Published by BBC NEWS - 31st March 2022

care home visit

Image source, Getty Images

People living in care homes have secured the right to have visits from a loved one – even in a Covid outbreak.

Some families still do not have regular contact with their relatives in care homes more than two years after the start of the pandemic.

This will now change after the Scottish government put the proposed “Anne’s law” into national standards.

Residents will now be allowed a named visitor into the care home even when restrictions are in place.

These changes should mean the law is put into effect while the legislation is being prepared.

Anne’s law is named after Anne Duke whose family campaigned for better visiting rights during the pandemic.

Anne was cut off from her family while battling early-onset dementia and at points in the pandemic, Anne did not see anyone from her family for months.

She died in November 2021, aged 63.

Her daughter Natasha Hamilton said: “This is a legacy for everybody who will be going into care, who is still in care and who sadly isn’t with us any more.

“This is something we want to put in place to remember everything we have gone through the past two years and the fight that we have had to bring this to the forefront.”

Anne Duke and Natasha Hamilton

When she launched the Anne’s law campaign, Natasha said: “I find it absolutely awful thinking what is going through her head just now – that those faces she used to know, visiting her all the time, are no longer there. That part hurts me more than me not being able to see my mum.

“We have to learn from this so that care home residents are not kept apart from their families for almost a year again. Residents in care homes have to be living, not just existing.”

‘Dignified manner’

The Care Inspectorate will be tasked with ensuring care homes meet the standards for visiting rights.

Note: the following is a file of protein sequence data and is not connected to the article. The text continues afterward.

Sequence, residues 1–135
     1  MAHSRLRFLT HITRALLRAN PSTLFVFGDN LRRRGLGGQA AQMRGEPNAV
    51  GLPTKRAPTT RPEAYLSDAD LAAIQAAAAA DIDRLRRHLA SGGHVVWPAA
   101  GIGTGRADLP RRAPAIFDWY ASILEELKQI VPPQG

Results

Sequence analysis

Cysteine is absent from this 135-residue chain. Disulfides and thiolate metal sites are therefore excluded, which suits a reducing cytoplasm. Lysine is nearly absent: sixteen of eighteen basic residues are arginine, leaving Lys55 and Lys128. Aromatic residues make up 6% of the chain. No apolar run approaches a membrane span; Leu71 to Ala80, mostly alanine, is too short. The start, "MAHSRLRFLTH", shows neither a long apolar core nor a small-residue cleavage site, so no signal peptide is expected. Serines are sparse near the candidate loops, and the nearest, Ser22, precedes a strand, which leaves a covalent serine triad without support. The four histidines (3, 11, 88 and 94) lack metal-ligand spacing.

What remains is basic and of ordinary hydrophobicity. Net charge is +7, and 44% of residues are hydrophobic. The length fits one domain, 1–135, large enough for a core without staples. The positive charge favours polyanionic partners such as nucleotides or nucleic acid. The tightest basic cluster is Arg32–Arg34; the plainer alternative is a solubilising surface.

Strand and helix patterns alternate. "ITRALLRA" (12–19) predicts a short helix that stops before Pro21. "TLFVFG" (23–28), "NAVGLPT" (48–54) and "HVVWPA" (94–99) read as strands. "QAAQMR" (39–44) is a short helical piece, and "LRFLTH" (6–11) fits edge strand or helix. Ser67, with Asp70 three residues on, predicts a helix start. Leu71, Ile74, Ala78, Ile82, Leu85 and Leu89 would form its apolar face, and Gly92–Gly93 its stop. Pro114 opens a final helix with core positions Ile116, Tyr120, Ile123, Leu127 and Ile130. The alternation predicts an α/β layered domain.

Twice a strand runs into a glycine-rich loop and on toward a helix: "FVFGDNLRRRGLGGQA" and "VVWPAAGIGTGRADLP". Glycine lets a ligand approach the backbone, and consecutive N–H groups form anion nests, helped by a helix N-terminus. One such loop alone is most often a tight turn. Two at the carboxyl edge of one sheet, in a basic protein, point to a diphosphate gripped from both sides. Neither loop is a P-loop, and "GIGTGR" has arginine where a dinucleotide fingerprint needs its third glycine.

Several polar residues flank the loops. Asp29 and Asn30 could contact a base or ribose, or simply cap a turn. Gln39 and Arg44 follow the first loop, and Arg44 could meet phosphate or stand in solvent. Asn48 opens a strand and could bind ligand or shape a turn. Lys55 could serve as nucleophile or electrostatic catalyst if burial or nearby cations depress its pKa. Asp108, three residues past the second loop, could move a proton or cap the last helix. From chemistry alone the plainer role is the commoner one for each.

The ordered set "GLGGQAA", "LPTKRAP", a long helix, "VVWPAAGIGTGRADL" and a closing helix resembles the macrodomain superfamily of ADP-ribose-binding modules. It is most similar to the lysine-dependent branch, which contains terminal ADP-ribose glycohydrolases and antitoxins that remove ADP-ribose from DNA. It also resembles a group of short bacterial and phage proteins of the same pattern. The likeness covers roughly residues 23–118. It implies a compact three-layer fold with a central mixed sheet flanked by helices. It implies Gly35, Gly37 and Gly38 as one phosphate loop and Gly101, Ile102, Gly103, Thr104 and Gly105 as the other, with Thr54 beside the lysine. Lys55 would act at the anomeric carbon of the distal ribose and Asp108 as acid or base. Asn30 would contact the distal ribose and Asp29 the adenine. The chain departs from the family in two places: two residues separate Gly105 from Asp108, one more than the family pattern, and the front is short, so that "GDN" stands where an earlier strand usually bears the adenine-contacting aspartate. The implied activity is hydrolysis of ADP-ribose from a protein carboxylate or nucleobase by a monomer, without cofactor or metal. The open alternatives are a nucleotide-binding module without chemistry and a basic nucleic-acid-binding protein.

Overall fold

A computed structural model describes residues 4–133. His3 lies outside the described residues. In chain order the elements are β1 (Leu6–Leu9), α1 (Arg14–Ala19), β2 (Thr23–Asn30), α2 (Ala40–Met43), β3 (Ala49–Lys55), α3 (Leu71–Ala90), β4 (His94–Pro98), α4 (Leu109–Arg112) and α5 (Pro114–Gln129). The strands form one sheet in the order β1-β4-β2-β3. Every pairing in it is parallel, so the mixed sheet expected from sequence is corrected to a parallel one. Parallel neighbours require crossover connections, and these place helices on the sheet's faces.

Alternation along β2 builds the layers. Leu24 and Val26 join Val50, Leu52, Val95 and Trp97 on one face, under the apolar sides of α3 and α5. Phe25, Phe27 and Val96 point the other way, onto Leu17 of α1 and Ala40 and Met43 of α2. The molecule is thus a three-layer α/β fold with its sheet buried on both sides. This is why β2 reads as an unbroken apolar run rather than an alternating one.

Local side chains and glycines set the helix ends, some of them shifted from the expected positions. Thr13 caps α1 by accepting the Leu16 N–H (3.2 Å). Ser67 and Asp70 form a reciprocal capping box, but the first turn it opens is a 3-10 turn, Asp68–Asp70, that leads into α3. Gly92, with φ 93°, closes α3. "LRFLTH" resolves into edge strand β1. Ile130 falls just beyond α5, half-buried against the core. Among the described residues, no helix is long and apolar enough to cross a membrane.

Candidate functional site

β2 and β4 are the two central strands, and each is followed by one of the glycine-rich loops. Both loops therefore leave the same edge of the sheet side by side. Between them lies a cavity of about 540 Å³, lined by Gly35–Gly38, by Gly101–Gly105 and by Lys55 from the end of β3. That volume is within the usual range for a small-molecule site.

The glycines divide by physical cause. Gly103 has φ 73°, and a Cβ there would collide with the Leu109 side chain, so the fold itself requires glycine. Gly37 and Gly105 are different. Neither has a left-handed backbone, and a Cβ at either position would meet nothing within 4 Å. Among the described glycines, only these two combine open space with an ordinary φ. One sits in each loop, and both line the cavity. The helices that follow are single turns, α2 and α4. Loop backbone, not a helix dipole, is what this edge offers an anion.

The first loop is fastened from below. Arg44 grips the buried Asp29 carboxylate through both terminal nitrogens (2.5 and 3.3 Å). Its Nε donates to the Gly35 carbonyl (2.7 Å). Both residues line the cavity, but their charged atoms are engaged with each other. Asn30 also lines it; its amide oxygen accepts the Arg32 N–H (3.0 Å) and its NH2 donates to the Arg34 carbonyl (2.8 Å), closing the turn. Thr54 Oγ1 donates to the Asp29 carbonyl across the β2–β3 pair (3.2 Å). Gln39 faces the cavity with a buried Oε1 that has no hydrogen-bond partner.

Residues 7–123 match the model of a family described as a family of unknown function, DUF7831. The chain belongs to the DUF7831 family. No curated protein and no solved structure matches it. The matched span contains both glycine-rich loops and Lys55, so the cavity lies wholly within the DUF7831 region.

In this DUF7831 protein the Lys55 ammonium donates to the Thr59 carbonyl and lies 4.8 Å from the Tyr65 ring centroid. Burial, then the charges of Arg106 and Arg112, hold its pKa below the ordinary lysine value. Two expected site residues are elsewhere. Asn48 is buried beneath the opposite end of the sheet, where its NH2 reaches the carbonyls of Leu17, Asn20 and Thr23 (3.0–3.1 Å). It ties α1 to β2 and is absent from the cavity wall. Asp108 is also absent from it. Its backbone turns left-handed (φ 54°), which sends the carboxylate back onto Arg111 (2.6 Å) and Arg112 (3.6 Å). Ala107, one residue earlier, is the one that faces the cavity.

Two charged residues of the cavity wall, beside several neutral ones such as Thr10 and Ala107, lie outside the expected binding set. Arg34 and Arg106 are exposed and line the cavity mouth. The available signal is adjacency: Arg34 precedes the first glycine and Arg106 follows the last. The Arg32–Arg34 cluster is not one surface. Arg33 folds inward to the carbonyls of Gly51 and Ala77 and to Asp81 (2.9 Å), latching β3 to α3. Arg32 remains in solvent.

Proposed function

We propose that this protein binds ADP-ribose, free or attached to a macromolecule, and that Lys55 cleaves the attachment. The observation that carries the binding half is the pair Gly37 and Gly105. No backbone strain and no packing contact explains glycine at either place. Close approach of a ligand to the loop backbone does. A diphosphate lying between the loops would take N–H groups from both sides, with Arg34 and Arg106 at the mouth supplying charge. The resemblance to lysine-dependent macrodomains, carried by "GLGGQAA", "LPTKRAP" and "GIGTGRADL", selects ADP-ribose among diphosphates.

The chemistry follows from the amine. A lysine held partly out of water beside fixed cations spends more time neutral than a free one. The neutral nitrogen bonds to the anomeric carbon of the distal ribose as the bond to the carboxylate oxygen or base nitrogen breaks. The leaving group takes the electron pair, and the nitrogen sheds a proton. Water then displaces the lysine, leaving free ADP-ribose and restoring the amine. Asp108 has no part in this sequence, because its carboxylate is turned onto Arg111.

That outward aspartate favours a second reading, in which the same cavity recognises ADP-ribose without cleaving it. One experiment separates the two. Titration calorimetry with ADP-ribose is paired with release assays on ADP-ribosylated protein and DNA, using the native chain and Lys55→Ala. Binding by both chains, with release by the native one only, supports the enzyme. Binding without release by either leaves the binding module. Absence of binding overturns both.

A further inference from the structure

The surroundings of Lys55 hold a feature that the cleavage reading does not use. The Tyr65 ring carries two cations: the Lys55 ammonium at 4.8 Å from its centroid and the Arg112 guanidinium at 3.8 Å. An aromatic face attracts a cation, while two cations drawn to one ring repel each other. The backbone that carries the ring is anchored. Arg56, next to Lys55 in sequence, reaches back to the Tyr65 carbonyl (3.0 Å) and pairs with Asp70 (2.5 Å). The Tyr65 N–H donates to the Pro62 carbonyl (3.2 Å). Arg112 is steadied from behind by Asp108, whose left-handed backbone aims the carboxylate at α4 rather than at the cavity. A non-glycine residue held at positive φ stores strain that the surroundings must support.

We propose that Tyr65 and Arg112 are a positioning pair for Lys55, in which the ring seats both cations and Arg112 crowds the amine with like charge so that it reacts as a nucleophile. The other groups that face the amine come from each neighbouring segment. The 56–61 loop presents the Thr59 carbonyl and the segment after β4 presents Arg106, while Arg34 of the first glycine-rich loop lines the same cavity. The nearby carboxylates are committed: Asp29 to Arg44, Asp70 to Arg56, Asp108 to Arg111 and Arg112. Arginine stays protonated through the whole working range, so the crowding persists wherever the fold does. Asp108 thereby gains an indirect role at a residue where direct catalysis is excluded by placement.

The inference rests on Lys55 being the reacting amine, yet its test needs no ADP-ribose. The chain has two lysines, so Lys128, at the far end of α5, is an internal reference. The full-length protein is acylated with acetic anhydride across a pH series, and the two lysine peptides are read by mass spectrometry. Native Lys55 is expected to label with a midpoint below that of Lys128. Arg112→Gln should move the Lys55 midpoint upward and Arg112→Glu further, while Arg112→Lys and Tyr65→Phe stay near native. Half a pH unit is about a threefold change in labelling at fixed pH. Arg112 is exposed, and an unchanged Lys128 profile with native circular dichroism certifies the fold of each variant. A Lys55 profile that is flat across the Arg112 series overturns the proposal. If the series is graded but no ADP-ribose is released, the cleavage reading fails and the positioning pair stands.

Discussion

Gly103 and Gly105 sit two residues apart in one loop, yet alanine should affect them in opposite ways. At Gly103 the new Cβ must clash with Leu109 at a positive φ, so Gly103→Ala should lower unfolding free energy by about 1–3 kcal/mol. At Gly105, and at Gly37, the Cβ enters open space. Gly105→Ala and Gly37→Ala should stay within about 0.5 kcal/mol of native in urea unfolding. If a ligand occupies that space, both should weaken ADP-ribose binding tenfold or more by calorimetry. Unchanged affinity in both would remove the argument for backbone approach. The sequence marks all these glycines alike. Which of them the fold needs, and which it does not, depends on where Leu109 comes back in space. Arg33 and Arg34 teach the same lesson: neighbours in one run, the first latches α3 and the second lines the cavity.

Social care minister Kevin Stewart said: “We are fulfilling our pledge to introduce the provisions of Anne’s Law as quickly as possible by using our existing legal powers to help ensure care home visitors can be involved in the care and support of their loved ones.

“We will go further by including Anne’s Law within the new National Care Service Bill, with that legislation due to be introduced to the Scottish Parliament in the coming months.

“We are clear in our expectation that care home residents must have their care delivered in a dignified manner that reflects their rights.”

Anne Duke

A spokesperson for the campaign group Care Home Relatives Scotland said they were pleased with the standards.

They said: “Relatives and close friends of those in residential care are not simply visitors, but continue with a caring role and as the voice and representative for our loved ones.

“It is reassuring to know we will always have the right to uphold that essential contact.

“We look forward to working together with all care home staff to ensure the standards are respected and upheld.”

‘Gives clarity’

Dr Jane Douglas from Scottish Care, the organisation representing most care homes, said: “What I like about these standards is that as a manager of a care home I would feel really confident that they are really clear and that’s what I can apply to what I am doing.

“It gives me that clarity that I can continue to have visiting if there is an outbreak. We have been running on guidance for the last two years which changes regularly. This will be something that managers and staff in a care home can look to and apply and that makes it much easier. “

Minister Kevin Stewart said that relatives should be able to see a difference immediately.

He said: ” If you don’t do so then I would want to know about it so we can challenge those who are not following the new guidance.”

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